Appropriate communication is an indispensable skill for doctors and the Accreditation Council for Graduate Medical Education considers it a core competency to be imparted during resident education.1 Patient safety may be threatened by the failure of effective communication within healthcare teams.2 Internal telephone consultations represent a specific type of communication process in the Emergency Department (ED) of hospitals. Through this method, an ED physician (EP) can request other physicians from inpatient teams to assist in patient care in the form of admission, opinion, or assistance in a special procedure while the patient remains under the care of the EP.3 The ED consultation process differs from outpatient consultation where a specialist physician undertakes responsibility for patient care on subsequent visits. EP regularly consults specialty physicians for help in patient management. A study concluded that almost one-third of ED patients require consultation from specialist teams.3 Effective telephone consultation skills are fundamental to the efficient operations of the ED. Efficient telephone conversations between emergency medicine (EM) resident and specialists may help prevent misunderstandings or other difficulties that could compromise patient care.3,4 A survey among final year medical students revealed that two-thirds of the participating final year medical students had received no previous training in referral skills and recommended the inclusion of training in referral skills to their curriculum.5 Therefore, it is recommended that EM residents should be formally imparted instruction on telephone consultation skills related to inpatient specialties.5,6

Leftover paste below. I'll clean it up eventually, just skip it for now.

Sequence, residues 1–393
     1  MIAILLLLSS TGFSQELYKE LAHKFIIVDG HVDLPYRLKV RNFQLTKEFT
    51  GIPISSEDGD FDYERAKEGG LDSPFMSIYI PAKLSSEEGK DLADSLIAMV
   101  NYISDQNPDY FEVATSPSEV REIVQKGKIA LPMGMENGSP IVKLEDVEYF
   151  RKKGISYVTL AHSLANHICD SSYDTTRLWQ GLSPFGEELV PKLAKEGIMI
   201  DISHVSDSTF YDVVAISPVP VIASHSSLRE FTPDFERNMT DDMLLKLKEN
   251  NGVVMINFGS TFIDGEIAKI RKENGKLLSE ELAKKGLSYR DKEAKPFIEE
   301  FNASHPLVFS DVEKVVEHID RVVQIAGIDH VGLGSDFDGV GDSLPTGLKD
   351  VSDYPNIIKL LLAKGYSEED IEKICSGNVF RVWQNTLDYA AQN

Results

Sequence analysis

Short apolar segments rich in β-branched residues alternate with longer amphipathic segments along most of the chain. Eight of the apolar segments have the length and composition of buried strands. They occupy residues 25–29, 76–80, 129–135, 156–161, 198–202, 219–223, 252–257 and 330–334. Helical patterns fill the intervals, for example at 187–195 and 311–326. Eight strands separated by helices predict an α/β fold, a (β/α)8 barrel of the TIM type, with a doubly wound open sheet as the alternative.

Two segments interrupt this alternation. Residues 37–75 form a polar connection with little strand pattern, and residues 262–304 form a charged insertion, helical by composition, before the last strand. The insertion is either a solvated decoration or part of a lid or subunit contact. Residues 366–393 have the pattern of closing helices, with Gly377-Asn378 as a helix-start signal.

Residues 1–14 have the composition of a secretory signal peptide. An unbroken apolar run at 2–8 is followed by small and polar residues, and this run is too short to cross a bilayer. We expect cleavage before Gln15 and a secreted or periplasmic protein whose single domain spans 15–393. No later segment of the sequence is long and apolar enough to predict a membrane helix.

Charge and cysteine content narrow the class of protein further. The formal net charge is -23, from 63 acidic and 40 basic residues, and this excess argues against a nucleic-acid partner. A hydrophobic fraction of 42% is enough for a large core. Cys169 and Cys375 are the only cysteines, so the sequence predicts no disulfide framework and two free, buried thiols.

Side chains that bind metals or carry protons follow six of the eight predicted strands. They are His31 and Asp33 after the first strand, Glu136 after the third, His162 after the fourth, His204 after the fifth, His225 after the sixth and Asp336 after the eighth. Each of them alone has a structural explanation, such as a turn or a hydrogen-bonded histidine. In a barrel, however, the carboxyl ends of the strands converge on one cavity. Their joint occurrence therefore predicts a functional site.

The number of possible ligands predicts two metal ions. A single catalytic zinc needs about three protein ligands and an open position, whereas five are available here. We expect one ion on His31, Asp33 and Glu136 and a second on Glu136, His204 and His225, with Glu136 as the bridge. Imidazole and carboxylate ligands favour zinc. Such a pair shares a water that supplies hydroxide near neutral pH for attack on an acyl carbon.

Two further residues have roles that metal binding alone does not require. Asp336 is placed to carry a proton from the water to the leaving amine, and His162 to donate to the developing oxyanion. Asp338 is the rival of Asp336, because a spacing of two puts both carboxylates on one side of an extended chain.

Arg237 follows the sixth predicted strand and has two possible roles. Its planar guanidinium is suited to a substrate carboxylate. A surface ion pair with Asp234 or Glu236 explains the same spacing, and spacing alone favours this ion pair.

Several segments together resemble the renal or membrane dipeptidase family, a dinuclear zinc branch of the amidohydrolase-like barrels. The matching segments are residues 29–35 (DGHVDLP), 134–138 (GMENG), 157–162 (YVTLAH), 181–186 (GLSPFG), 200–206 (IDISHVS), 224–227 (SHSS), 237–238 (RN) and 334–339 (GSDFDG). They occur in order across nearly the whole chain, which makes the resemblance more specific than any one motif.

Learner-centred experiential sessions that necessitate the active engagement of resident physicians constitute the most effective approaches in teaching communication skills and can lead to behavioural changes.7 A one-to-one experiential session involves direct observation of a learner’s telephone referral experience by an experienced EP, followed by appropriate and timely feedback and discussion. The feedback can be guided by audio or video recordings of the communication encounter. Feedback provided through the use of technical tools offer many advantages over feedback without such media.79 Learners who are able to observe or to listen to their own recorded interactions can understand their strengths and weaknesses more readily than those who only receive only verbal feedback from the faculty. It is often difficult for residents to recall the communication skills they employed or omitted in a conversation and, thus, an audio or video recording can preserve actual details of the exchange. Such evidence allows learners to experience an objective and accurate self-assessment and grants them the opportunity to revisit a particular aspect of their communication skills.7 The support of audio-visual media also greatly improves the accuracy and reliability of feedback, leading to fewer disagreements and misunderstandings. A learner’s resistance to learning is, thus, decreased.7 Although aspects of nonverbal communication may be missed in audio recordings, these are less intrusive in the real working environment than a video footage, which is also less important for telephone referrals. Several recommendations have been made in studies on how to improve the referral skills, including senior physician’s supervision and dedicated time and use of digital media. A tool that is highly recommended for improving communication skills is called ISBAR (Table 1). ISBAR is an easy-to-remember and user-friendly tool and has shown a decrease in adverse incidents.10 ISBAR may improve the referral quality by presenting a clear picture of the patient’s clinical status to the receiving physician. Presently, adhoc oral feedback is provided to the residents on their telephone referral skills based on observation in a busy ED, which has occasionally led to disagreements between the faculty and residents. To the best of our knowledge, there are no published studies focusing on improving telephone referral skills using direct observation by a senior faculty and audio recordings. This study aimed to improve the telephone referral skills through an organised feedback session and to gauge residents’ opinions about this approach.